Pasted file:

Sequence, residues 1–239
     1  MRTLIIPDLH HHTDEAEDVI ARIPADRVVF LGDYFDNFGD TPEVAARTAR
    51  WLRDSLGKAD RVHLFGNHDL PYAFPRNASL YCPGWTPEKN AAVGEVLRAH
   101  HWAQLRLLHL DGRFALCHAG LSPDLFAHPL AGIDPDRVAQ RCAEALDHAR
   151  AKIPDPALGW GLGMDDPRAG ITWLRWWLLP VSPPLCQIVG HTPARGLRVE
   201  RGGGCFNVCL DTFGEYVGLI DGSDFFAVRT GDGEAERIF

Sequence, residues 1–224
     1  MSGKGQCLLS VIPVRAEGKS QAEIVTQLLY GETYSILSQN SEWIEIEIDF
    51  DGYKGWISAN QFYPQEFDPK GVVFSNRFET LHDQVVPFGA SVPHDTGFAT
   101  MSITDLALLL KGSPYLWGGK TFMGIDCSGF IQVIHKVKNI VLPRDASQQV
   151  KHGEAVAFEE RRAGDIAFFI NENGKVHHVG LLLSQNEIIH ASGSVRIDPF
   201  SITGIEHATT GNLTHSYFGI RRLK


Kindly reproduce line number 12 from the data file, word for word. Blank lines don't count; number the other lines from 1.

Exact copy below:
   201  SITGIEHATT GNLTHSYFGI RRLK